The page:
Tamai et al. (2014) investigated C. albicans strains isolated from AIDS patients via ABC typing, and reported genotype A as the predominant genotype with 66% of frequency, followed by genotype B and genotype C with 24% and 10% respectively (26). The ratio of genotypes A, B, and C is not the same in different studies due to the clinical specimens, geographical areas, and different population of patients. In addition, the band pattern obtained from RPS (ALT) typing indicated that genotype 3 had the highest frequency with 25 isolates (80.6%) followed by genotypes 2/3 and 3/4 with 4 (12.9%) and 2 (6.5%) isolates, respectively. These results are also in agreement with the previous findings (10, 11). Some studies have reported that in RPS typing of C. albicans, genotype 3, and 3/4 are the predominant clinical isolates (10, 11).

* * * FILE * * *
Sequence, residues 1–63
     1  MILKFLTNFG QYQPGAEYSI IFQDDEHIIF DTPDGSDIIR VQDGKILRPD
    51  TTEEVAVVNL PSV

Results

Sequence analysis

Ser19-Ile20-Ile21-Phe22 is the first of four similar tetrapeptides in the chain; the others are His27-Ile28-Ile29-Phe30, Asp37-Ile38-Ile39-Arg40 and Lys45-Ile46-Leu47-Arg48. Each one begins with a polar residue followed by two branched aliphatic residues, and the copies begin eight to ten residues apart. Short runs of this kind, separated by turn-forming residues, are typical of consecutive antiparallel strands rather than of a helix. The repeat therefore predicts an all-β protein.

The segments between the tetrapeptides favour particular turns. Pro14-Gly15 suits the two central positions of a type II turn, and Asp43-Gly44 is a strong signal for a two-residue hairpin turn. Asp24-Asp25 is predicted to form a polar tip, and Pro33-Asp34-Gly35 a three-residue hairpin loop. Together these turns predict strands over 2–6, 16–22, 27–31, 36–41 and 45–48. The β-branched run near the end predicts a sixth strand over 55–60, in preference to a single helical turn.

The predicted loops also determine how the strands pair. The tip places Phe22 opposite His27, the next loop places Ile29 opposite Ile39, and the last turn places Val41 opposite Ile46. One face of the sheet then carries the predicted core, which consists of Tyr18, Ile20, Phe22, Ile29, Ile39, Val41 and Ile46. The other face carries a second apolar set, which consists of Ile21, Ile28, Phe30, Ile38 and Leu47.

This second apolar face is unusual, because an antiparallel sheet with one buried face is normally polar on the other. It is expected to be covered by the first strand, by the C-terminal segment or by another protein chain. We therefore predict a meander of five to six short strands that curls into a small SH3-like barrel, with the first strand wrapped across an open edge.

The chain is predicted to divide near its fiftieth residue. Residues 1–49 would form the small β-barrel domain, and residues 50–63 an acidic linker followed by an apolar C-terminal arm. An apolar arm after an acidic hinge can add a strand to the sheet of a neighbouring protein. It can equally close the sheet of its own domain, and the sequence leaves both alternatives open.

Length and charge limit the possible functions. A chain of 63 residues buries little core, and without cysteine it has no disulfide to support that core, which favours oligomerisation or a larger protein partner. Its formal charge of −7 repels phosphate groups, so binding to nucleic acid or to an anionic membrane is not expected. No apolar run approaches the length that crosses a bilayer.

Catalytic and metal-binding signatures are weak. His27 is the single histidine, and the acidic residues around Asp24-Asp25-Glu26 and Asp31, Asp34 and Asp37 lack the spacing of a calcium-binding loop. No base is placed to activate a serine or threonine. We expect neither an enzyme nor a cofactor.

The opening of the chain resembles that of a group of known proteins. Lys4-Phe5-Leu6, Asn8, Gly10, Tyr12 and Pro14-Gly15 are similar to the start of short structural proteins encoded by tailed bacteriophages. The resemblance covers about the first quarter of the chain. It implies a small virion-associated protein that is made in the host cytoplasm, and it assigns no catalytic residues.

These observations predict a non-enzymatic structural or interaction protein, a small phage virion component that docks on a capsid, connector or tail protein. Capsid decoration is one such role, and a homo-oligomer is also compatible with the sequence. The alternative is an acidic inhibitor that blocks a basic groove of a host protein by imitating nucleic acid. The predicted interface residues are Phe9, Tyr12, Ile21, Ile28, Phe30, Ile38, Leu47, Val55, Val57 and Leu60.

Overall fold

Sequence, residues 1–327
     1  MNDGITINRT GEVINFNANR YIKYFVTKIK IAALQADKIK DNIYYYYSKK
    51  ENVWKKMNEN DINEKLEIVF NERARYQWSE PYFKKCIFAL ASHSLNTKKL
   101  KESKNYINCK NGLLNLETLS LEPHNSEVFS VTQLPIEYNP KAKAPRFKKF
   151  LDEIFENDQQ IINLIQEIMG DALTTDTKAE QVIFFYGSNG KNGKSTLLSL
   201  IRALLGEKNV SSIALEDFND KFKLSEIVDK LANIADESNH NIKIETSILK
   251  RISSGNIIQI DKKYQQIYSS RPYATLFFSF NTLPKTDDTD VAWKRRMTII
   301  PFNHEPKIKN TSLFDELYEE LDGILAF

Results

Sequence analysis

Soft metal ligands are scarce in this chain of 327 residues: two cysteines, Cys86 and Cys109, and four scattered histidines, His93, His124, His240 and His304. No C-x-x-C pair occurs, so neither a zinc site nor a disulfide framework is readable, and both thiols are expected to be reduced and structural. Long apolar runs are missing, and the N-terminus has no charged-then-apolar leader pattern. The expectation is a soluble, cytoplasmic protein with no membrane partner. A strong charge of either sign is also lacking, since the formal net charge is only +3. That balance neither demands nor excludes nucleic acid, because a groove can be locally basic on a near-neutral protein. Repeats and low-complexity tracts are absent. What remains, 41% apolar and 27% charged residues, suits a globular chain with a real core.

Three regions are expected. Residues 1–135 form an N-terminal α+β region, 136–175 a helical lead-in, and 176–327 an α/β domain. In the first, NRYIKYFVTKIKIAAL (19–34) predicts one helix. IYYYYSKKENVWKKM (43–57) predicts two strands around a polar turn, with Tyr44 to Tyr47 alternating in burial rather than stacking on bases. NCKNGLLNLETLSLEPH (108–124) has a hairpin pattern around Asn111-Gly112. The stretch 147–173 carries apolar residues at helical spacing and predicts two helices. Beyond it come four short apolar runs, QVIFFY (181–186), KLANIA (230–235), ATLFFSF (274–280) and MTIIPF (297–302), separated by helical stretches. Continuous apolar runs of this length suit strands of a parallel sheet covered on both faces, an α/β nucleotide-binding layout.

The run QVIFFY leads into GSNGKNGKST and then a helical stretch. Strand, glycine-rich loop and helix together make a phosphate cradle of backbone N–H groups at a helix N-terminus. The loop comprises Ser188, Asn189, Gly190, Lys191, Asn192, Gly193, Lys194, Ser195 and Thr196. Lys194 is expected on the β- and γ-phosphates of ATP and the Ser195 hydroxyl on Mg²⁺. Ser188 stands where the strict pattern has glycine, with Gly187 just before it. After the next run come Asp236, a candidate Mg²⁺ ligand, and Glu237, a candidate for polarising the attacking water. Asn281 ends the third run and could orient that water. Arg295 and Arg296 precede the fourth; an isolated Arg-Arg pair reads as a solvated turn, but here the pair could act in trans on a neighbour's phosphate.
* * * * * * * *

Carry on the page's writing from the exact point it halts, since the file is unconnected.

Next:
It has been reported that RPS diagnostic and typing method based on the number of sequence repetitions of RPS (ALT) can be used not only for C. albicans genotyping but also for the identification and differentiation of C. albicans from C. stellatoidea and C. dubliniensis (10, 18, 22). C. stellatoidea and C. dubliniensis are known as pathogenic species that are closely related to C. albicans (18). however C. stellatoidea and C. dubliniensis were not isolated in this study. The RPS typing system has been introduced as a simple, quick, and efficient method for C. albicans genotyping (10, 11, 20). Unlike some methods, such as RAPD-PCR, this method has a proper reproducibility rarely affected by laboratory conditions (27). The study of Iwata et al. in 2006 showed that the RPS typing system was more appropriate than PFGE for the differentiation of C. albicans strains (10). However, discriminatory power (D.P) of samples indicated that 31 clinical isolates of C. albicans via RPS typing system were divided into 7 distinct genotypes with a D.P of 0.7634, while MLST genotyping of these samples (28) showed that 31 clinical isolates of C. albicans were classified into 29 different genotypes with D.P of 0.9957, indicating a much higher discriminatory power compared to RPS typing system.